• No price target. Because hammers provide no price target, it can be difficult to determine a trade profit.

What Does this Mean for the Market?

The appearance of hammer candlestick patterns could signal an upcoming prospective reversal or that market sentiment is soon to change.

How are Investors Usually Affected by this Pattern?

Traders commonly use the pattern as a tool to identify potential price trend reversals. Investors who integrate the pattern into their strategy could improve trading results. However, they must fully grasp the pattern’s characteristics and know how to find it in a price chart.

What are Other Common Types of Stock Patterns?

There are other types of stock patterns including:

  • Triangle
  • Cup and Handle
  • Double bottom
  • Falling wedge
  • Uptrend wedge
  • Bullish engulfing
  • Trend line
  • Double top
  • Double bottom

How to Invest Outside the Stock Market

There are investment opportunities beyond the stock market that do not cause as much stress because they are not moored to an intrinsically volatile stock market.

Increasingly, such opportunities include alternatives – assets that do not fit into conventional categories of equity, income, and cash. Such investments include art, real estate, commodities, hedge funds, and more.

Alternatives can generate consistent secondary income while diversifying one’s investment portfolio. Afterall, diversification is key to successful investing.

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Alternative Investments and Portfolio Diversification

Traditional portfolio asset allocation envisages a 60% public stock and 40% fixed income allocation. However, a more balanced 60/20/20 or 50/30/20 split, incorporating alternative assets, may make a portfolio less sensitive to public market short-term swings.

Real estate, private equity, venture capital, digital assets, precious metals and collectibles are among the asset classes deemed “alternative investments.” Broadly speaking, such investments tend to be less connected to public equity, and thus offer potential for diversification. Of course, like traditional investments, it is important to remember that alternatives also entail a degree of risk.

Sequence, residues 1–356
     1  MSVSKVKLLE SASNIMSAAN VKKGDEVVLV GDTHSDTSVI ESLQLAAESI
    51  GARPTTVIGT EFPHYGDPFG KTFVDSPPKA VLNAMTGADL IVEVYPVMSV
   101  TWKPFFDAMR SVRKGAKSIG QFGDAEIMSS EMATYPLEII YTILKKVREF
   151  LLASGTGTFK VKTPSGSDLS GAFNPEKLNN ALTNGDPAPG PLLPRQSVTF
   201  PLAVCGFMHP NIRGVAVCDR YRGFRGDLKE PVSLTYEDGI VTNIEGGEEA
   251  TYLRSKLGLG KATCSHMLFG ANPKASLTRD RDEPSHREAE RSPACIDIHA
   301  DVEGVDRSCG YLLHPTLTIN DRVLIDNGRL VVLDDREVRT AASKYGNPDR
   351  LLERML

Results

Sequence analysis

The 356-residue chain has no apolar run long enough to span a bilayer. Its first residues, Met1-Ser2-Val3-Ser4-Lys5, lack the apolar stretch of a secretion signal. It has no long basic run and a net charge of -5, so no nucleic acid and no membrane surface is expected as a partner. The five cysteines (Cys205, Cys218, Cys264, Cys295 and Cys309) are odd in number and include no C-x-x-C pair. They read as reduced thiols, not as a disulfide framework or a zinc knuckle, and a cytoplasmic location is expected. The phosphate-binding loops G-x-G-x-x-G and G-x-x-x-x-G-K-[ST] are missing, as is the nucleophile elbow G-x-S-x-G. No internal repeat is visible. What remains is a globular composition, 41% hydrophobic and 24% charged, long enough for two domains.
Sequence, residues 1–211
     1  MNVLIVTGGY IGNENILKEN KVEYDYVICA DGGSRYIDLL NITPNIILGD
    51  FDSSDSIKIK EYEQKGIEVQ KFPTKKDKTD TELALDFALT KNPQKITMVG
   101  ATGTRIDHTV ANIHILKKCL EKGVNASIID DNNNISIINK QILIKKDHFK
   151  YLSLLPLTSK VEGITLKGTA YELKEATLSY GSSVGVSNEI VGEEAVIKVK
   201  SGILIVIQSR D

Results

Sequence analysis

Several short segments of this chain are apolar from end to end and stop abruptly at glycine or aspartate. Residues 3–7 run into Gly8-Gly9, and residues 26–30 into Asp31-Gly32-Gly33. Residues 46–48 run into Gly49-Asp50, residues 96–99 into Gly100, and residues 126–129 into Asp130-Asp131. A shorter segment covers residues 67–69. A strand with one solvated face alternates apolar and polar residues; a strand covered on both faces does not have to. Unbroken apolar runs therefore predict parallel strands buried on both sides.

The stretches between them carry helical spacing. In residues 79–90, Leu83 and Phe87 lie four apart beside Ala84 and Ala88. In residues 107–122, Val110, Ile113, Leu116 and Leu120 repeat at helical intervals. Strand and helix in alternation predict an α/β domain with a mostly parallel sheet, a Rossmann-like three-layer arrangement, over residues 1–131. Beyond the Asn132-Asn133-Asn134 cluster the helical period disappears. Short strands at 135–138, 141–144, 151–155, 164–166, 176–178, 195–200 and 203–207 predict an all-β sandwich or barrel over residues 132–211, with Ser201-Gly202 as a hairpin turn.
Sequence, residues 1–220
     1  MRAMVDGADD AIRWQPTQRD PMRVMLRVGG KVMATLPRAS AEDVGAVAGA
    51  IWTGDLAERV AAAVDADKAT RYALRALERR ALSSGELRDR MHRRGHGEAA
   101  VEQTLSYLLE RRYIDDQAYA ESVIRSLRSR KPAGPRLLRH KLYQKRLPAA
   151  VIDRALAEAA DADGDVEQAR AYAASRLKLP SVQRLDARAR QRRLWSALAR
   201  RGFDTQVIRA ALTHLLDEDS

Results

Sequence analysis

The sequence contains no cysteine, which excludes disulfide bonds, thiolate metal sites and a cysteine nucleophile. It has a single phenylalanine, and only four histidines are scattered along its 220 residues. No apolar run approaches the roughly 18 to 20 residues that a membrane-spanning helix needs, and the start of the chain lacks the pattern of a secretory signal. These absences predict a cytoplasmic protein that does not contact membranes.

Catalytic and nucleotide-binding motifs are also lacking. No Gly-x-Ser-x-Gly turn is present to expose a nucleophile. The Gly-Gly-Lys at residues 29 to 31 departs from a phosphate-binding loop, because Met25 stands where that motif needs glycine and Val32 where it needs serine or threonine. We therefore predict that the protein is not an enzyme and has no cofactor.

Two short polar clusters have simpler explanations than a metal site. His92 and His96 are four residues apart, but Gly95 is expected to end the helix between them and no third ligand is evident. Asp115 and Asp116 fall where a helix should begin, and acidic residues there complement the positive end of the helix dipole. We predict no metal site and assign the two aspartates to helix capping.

In some cases, this risk can be greater than that of traditional investments.
This is why these asset classes were traditionally accessible only to an exclusive base of wealthy individuals and institutional investors buying in at very high minimums — often between $500,000 and $1 million. These people were considered to be more capable of weathering losses of that magnitude, should the investments underperform. However, that meant the potentially exceptional gains these investments presented were also limited to these groups.

To democratize these opportunities, Yieldstreet has opened a number of carefully curated alternative investment strategies to all investors. While the risk is still there, the company offers help in capitalizing on areas such as real estate, legal finance, art finance and structured notes — as well as a wide range of other unique alternative investments.

Learn more about the ways Yieldstreet can help diversify and grow portfolios.


It is important for investors to understand the hammer candlestick stock pattern and how it is used. While traders should not rely on it alone to determine likely price direction, such a pattern can signal a looming change in market sentiment.

It is also important for investors to be aware of investment options that are not directly tied to the ups and downs of the stock market.

All securities involve risk and may result in significant losses. Alternative investments involve specific risks that may be greater than those associated with traditional investments; are not suitable for all clients; and intended for experienced and sophisticated investors who meet specific suitability requirements and are willing to bear the high economic risks of the investment. Investments of this type may engage in speculative investment practices; carry additional risk of loss, including possibility of partial or total loss of invested capital, due to the nature and volatility of the underlying investments; and are generally considered to be illiquid due to restrictive repurchase procedures. These investments may also involve different regulatory and reporting requirements, complex tax structures, and delays in distributing important tax information.